A week ago, Ravens GM Ozzie Newsome (left, photo by The Baltimore Sun) insisted he wasn't feeling the heat heading into the 2010 NFL draft, which kicks off Thursday night in primetime for the first time.
The Ravens have only five draft picks (and just two in the first four rounds), but they have flexibility this weekend after Newsome filled their biggest need early in March.
"I'm better off with Anquan Boldin than to be sitting here with six picks, you know?" Newsome said at the Ravens' annual pre-draft luncheon. "Because you'd probably see some sweat on my brow."
As of now, the Ravens are the on-paper favorites to win the AFC North in 2010 after trading for their new No. 1 receiver, but Newsome still has work to do. The Ravens' aging defense is decaying, and though the overhauled offense has all the necessary I-beams, it's still a staircase and a stripper pole away from a full, flashy renovation.
And the work starts at pick No. 25 late Thursday.
Will Newsome fill an immediate need by selecting a solid defensive lineman such as Jared Odrick or Terrence Cody, or versatile tight end Jermaine Gresham?
Could he make a splash by drafting unpolished deep threat Demaryius Thomas, the kind of stripper pole addition — a luxury, but maybe not a need — I mentioned earlier?
Can he luck out again like he did a year ago with Michael Oher, and have a sliding stud such as Dez Bryant, Maurkice Pouncey or Dan Williams fall into his lap?
I've given myself headaches trying to guess who the Ravens will take in my meaningless mock drafts, and my job isn't on the line. If I were Ozzie right now, I'd be burning up like Ben Roethlisberger at a sorority rush party.
But Newsome is a cool customer when it comes to the draft, and his unwavering stance of selecting the best guy on the Ravens' draft board is the right way to tackle the most important weekend on the NFL calendar.
This draft is perfect for the Ravens — actually, it's perfect for most teams. There are plenty of talented meat-and-potatoes guys on both the offensive and defensive lines. There are some serious playmakers in the secondary and the receiver class is deep. Newsome said he thinks there probably will be good tight ends available in every round.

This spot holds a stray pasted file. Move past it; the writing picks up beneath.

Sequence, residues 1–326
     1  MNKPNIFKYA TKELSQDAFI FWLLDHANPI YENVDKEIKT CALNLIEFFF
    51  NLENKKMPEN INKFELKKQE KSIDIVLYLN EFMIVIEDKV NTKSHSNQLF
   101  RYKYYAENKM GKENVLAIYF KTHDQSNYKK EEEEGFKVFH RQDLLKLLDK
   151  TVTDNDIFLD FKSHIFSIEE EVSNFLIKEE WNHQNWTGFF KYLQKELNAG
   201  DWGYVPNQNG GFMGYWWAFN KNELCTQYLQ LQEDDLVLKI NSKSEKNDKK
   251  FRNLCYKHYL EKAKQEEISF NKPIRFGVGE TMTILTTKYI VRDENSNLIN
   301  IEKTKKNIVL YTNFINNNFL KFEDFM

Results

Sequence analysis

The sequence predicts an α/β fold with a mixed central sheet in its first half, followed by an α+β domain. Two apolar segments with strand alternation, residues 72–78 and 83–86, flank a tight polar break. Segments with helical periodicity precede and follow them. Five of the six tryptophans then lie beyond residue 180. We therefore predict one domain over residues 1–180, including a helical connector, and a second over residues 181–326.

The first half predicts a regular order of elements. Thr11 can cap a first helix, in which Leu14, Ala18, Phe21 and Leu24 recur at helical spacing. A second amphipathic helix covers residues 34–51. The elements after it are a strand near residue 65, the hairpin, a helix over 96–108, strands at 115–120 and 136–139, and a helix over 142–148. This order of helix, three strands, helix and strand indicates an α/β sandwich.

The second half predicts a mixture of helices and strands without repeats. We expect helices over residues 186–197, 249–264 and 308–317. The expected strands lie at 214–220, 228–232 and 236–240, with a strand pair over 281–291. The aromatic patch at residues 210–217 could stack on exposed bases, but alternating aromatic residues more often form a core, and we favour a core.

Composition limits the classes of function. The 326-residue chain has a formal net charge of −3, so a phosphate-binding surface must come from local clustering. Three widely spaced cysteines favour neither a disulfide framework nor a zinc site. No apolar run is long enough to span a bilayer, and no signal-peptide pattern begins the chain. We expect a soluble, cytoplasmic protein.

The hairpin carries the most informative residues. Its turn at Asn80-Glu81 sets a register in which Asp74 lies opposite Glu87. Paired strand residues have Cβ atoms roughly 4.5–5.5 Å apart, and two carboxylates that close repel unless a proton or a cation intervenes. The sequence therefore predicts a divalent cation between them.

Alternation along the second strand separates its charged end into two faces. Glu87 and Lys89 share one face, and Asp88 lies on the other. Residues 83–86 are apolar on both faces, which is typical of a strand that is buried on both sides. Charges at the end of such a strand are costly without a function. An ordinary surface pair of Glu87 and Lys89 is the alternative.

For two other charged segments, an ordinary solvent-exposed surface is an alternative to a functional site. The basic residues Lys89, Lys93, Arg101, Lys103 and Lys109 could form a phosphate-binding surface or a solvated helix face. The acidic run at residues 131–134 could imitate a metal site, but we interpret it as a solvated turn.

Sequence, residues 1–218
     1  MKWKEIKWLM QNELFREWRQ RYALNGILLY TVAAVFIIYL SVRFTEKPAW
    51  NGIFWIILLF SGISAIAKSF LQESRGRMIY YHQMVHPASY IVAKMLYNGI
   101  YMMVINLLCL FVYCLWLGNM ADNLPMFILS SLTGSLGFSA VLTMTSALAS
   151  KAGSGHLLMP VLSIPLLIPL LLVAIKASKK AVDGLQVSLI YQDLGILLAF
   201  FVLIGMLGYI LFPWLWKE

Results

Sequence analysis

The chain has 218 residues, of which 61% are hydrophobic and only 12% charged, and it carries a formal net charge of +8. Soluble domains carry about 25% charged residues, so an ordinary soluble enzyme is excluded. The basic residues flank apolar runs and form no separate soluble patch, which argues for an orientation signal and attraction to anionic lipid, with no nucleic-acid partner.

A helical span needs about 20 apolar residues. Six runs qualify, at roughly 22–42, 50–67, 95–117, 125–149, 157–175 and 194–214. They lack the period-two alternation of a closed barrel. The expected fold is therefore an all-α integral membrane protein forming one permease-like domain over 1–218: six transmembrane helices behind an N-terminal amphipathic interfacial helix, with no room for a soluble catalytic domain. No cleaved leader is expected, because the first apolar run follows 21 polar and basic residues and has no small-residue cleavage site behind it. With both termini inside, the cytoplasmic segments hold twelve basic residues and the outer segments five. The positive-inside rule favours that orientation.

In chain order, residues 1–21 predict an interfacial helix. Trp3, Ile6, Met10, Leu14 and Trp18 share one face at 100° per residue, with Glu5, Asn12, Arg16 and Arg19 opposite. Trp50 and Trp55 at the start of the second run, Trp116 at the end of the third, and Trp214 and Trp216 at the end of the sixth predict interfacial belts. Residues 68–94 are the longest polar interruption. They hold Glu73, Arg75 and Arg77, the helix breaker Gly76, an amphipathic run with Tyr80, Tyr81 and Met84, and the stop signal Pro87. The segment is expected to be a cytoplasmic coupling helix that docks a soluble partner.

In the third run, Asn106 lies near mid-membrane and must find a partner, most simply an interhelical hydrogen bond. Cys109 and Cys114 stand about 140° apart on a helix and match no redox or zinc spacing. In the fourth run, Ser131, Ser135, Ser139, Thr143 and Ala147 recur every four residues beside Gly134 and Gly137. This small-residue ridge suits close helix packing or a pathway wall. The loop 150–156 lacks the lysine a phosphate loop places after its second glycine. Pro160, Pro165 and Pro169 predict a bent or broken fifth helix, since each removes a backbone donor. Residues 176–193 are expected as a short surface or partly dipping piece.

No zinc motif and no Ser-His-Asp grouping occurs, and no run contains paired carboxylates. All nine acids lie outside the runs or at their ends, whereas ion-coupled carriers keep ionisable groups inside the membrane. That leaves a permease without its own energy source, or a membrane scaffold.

The Ravens have just five picks to target prospects on their radar, but Newsome has shown he's not afraid to move around to acquire additional assets. It sure worked out nicely two years ago when he traded out of the top 10 and wound up with Joe Flacco and Ray Rice, didn't it?
As Newsome pointed out, "you've got to have a trading partner," which won't be easy to find in this loaded draft. But you have to imagine the Ravens will do something to get the Ravens more picks, whether it's dealing away Jared Gaither or Willis McGahee or convincing a QB-needy team to trade up from early in the second round to take a college star such as Tim Tebow, Colt McCoy or Jimmy Clausen.
Even if he isn't sweating the draft this weekend because of the Boldin trade, Newsome knows there is pressure to make the right moves now for the seasons beyond 2010.
"[We're] not only just trying to build it for September," he said. "But we're also trying to build it for the future."
Whether Newsome winds up with five picks in his draft arsenal or 15, it's a safe assumption that there will be more hits than misses. That's how he rolls.
If this draft somehow turns out to be a dud, though, he has still done enough to keep the Ravens in contention in 2010.
But this time next year? Newsome will be sweating.